This is post one of two, describing a recent program we began implementing with some Ugandan teacher friends. Post #2 will be more about lessons learned through the experiment and experience of partnering with these teachers in this context.
My good friend, Byamuntura Vincent, escorted me from the head teacher’s office across the school’s courtyard with its massive shade-casting tree, to his P.4 classroom in the upper primary block of Bundimulinga Primary School. As I looked through the open windows I could see numerous heads facing my way while I approached, myriad eyes scanning this 6 foot mujungu (outsider), with my pink and blue tie and camel colored dress shoes. I stepped up onto the concrete slab and entered through the wooden doorframe, adjusted my eyes to the dim shadowy classroom lighting and slowly swiveled my gaze from the front to the back. I began silently counting faces – 1, 2, 3 … 50 … 100 … 150 … 198. 198 students in this class of 4th graders! Easily this was the most crowded, high-density classroom I had EVER been in. I couldn’t believe it, and I couldn’t imagine how my friend, as good of a teacher as he is, could even attempt to teach these kids how to read. Most of them couldn’t identify any sounds in English, let alone decode any words, even ‘cvc’ words like “cat”, “sit”, or “run”. At that moment I seriously questioned the potential effectiveness of this experiment, and felt sorry for my friend, to be honest, despite the beaming smile stretched across his face and the pedagogical fervor that I observed as he taught his students on that muggy morning in Nyahuka, Uganda.
A few years ago, before we arrived here, a missionary couple partnered with 5 local teachers and sent them to Gulu, Uganda for an educational training. The host organization, Read for Life Uganda, seeks to develop resources and train teachers in effective literacy practices in English. Since its independence in 1962, Uganda holds English as a national language, and as the language of instruction for all schools beginning in Primary 4. However, the historical methods for teaching reading is essentially to write words on the board, read them aloud, have students recite them over and over, and memorize that when you see the word “run” it says run. Theoretically, this would be effective if there was a reasonable number of words to memorize. However, there are over 170,000 words in English, more than any other language in the world! Students need to learn how to read – how to identify the sounds that letters make, how to blend them, how to decode words, and much more. And this doesn’t take into account all of the tricky sight words that don’t follow the rules we learn (ie. “right” – try sounding that out). As of 2020, the Ministry of Education in Uganda has recognized phonics as an appropriate and expected way of teaching reading. That’s great. But none of the teachers were taught to read that way, nor were they trained as teachers to teach that way. Many students in Bundibugyo progress through primary school still unable to read well by the end of Primary 7. Enter Read for Life, and our partner teachers.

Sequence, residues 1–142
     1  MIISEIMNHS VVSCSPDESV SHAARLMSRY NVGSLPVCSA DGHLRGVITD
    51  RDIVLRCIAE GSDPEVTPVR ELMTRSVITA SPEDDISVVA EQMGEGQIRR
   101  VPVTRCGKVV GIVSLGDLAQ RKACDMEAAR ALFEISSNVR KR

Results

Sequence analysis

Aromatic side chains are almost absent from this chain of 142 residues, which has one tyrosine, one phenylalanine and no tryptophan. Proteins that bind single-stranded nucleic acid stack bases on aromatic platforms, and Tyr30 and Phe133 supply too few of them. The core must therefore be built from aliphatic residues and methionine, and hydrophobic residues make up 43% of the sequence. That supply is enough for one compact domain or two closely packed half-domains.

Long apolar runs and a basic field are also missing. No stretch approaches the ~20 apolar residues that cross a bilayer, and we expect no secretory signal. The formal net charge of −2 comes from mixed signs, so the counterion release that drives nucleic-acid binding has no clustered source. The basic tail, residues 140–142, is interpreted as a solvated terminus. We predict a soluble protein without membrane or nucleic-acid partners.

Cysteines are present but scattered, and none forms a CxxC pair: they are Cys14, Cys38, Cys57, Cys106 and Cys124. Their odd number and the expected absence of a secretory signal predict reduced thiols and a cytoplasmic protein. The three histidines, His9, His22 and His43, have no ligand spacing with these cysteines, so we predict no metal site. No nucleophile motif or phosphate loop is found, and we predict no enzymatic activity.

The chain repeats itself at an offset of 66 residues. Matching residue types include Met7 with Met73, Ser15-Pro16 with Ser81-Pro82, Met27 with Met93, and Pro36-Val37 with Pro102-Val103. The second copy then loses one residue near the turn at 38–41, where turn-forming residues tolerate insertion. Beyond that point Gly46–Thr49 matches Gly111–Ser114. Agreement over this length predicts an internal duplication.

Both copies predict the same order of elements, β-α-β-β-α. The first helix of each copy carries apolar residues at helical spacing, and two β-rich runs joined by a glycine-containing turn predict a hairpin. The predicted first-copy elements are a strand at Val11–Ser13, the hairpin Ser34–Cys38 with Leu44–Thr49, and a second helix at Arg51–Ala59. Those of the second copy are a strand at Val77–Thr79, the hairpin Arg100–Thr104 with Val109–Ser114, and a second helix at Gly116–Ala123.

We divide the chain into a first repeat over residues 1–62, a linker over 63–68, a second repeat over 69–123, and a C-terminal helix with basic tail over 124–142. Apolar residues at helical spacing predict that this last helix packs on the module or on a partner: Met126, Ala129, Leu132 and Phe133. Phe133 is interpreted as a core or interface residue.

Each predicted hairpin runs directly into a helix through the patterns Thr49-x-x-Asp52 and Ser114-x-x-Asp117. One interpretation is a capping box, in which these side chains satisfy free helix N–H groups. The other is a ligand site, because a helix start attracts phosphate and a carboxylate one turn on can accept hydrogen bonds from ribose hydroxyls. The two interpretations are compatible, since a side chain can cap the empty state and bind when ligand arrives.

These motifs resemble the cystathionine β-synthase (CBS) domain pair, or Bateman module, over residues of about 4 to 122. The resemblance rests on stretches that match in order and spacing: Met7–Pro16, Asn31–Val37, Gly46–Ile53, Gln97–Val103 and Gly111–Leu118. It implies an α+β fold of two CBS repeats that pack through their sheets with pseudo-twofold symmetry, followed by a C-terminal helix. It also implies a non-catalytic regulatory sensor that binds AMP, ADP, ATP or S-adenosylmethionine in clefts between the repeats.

They came back from that training fired up, excited, and ready to implement the program in their own classrooms and schools. During the second half of 2019, they began by getting some preliminary assessment data, slowly ventured into uncharted territory for them during initial implementation and were excited to have a full school year in 2020 teaching students how to read. 2020, ever heard of it? Instead, they got 7 weeks thanks to COVID-19, which closed all schools in Uganda. For these teachers and their students it lasted for over 12 months! During that time, all the missionary kids here continued learning on our compound at the mission school (since we all live on the same compound, it was allowed to remain open). Meanwhile, in America, all of our friends and family had access to online instruction, or hybrid school, however effective that may or may not have been. Alexis and I couldn’t fathom the fates of our neighbors and kids’ friends here, who had NOTHING – no online school, no t.v. lessons, no take home packets, no books at home, parents who did not speak fluent English, no local library, no … no nothing! We felt like we just had to find a way to provide something. So we partnered with two of the teachers on the literacy leadership team (the ones who had been trained) and launched a COVID Literacy Camp. For 10 weeks, everyday, 25 kids got to come for one hour to the mission library and be taught reading and writing by a trained Ugandan teacher. At the end of the lesson they received a snack and a cup of tea. Most students started camp being able to identify a grand total of ZERO sounds in English. By the end, the average was 32 sounds mastered, which would put them for their age group in the top 2% of Ugandans based on the EGRA assessment. Just 10 weeks. Just one hour a day. Imagine what a continual educational program with at least one hour a day could do for them! But we couldn’t facilitate that. Nor should we necessarily. For one, they would normally be in school all day and only have 3 week term breaks, so we wouldn’t have much continual access to them. Two, we were only able to support 25 kids, but there are thousands of children in Bundibugyo. And three, our mission is to come alongside, to train and facilitate and encourage capable local leaders to provide for their community what they see is needed. We are not American superheroes coming in to save the day. We are regular people saved by God’s grace, blessed with immense resources, and sent by God to empower and support others to do their work better.